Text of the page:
Baby-led weaning: Good-bye to purees and spoons!

Spread the love

Baby-led weaning for coordination and nutrition

Baby-led weaning, is an exciting and natural approach to weaning, based upon things that people have done all over the world for centuries. In this process you let your child feed themselves from the very start of weaning, alongside breast or bottle feeding.

According to the most recent research most babies reach for food at around six months, which is also the time that mothers are being encouraged to start solid foods by health professionals.

The distinct advantage of weaning at around six months is that by then, children have the coordination and motor skills to start feeding themselves proper food. This means you don’t have to mash everything up into purees and feed your child with a spoon.

You just hand them the food in a suitably-sized piece and if they like it they eat it and if they don’t they won’t.

The benefits of baby led feeding

One of the best things about baby-led weaning is it supports the development of eye-hand coordination, chewing skills, dexterity, and healthy eating habits.

It also encourages babies to learn self-regulation. Baby-led weaning helps babies to learn to stop eating when they feel full. With spoon fed purees, parents can sneak in a couple more spoonfuls even if the baby is full. This means babies learn to overeat and not recognize the body’s signals that they have had enough.

Tips for Success

If you feel that this is the right method for you and your baby and are fed up with purees then Baby-Arabia says – “give it a try”.  Here are some guidelines on how to get it right.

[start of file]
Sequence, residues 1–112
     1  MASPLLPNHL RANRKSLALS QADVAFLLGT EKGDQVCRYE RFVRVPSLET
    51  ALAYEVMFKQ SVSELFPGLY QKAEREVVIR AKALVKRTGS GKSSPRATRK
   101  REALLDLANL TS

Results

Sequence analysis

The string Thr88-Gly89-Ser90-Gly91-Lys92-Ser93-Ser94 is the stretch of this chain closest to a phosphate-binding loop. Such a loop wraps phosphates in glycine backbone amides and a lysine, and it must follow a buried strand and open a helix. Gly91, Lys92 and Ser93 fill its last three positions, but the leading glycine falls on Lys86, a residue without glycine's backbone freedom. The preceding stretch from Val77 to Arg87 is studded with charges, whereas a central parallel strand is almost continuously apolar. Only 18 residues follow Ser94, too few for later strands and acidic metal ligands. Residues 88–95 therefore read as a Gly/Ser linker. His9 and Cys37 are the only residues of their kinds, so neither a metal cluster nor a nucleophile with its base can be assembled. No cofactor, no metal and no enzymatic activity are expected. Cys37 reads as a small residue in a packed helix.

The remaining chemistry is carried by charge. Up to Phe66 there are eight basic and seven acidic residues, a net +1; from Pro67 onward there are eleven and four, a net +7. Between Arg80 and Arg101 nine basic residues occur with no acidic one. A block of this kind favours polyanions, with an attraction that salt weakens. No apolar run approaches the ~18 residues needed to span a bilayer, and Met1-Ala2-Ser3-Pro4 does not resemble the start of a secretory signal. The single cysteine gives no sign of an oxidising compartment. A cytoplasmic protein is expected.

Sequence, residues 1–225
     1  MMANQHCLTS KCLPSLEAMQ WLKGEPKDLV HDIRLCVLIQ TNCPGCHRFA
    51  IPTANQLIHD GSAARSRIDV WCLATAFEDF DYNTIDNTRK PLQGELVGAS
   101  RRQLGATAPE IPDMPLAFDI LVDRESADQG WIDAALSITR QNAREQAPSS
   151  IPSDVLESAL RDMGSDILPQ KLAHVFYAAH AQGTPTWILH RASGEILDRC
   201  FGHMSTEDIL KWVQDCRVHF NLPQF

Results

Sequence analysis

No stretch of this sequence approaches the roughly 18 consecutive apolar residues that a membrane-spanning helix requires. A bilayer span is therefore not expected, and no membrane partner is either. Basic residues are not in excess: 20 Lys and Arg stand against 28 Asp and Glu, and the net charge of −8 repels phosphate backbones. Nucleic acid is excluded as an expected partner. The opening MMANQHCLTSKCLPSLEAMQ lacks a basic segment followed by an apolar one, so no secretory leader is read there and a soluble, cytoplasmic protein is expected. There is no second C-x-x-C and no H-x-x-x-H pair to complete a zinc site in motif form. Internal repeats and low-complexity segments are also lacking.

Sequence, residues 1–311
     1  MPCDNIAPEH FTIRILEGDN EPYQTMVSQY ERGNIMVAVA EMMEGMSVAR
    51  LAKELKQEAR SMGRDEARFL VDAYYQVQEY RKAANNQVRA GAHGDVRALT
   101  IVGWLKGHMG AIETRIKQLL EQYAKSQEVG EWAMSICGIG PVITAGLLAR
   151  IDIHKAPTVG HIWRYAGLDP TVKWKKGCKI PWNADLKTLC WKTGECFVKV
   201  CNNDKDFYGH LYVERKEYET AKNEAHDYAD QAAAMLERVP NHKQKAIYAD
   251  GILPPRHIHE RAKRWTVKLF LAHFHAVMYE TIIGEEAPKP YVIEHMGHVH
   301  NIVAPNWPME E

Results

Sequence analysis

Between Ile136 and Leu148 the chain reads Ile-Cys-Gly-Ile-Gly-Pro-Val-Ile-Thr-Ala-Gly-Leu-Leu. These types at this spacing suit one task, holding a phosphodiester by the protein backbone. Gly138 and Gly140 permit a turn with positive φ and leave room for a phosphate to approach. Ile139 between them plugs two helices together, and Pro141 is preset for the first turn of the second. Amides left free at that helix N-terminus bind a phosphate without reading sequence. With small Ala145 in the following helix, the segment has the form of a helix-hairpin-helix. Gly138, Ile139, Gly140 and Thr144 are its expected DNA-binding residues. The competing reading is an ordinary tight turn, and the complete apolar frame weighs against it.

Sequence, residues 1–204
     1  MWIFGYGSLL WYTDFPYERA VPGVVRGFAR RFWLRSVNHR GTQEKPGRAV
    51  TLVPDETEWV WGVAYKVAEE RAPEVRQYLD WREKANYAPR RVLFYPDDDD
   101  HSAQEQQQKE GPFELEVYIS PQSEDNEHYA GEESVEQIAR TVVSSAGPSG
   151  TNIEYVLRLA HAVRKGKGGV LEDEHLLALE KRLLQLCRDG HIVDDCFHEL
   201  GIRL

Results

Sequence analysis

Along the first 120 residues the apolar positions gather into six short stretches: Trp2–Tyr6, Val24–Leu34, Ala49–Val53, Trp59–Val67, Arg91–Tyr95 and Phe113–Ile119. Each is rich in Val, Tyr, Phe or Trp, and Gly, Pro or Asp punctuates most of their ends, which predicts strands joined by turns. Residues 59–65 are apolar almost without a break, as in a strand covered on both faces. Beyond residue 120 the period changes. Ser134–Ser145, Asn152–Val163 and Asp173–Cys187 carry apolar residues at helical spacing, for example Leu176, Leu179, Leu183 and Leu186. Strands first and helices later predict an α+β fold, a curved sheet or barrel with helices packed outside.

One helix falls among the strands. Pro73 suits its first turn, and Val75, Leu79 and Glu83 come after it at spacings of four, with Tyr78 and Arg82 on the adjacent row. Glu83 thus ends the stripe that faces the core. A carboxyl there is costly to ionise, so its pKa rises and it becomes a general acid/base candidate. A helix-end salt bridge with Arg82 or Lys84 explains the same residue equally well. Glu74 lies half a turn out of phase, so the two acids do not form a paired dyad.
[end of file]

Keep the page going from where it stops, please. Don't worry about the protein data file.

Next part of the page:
• Be prepared for the mess.Your floor and you baby will need cleaning after this. Buy a bib!
  • Make sure your baby is ready.Your child should be able to sit in a high chair unassisted, and be able to hold their head up. They should also be able to move food to the back of her mouth with up and down jaw movements.
  • Continue breastfeeding and formula.“Weaning” is actually bit of a misnomer. Breast milk or formula will continue to be a baby’s biggest source of nutrition until he or she is 10 to 12 months old.
  • Pull up a chair.You’re not off the hook for fully engaging at mealtime: Continue to socialize with and supervise your child.
  • Start with soft first foods.Ripe fruits, cooked egg yolks, flaky fish, moist and shredded meats, puffed cereals, and cooked pastas and vegetables are all good options.
  • Prepare foods for easy grasping.Cut food into long, thin strips, using a knife or with a crinkle cutter. The pieces should be big enough for baby to grasp and chew on.
  • Consider nutrition.Make sure there are high-calorie foods and those with iron, zinc, protein, and healthy fats on the tray, so that your baby gets enough of what they need.
  • Dine as a family. This helps baby to learn social skills and lets them experience food in all its’ dimensions.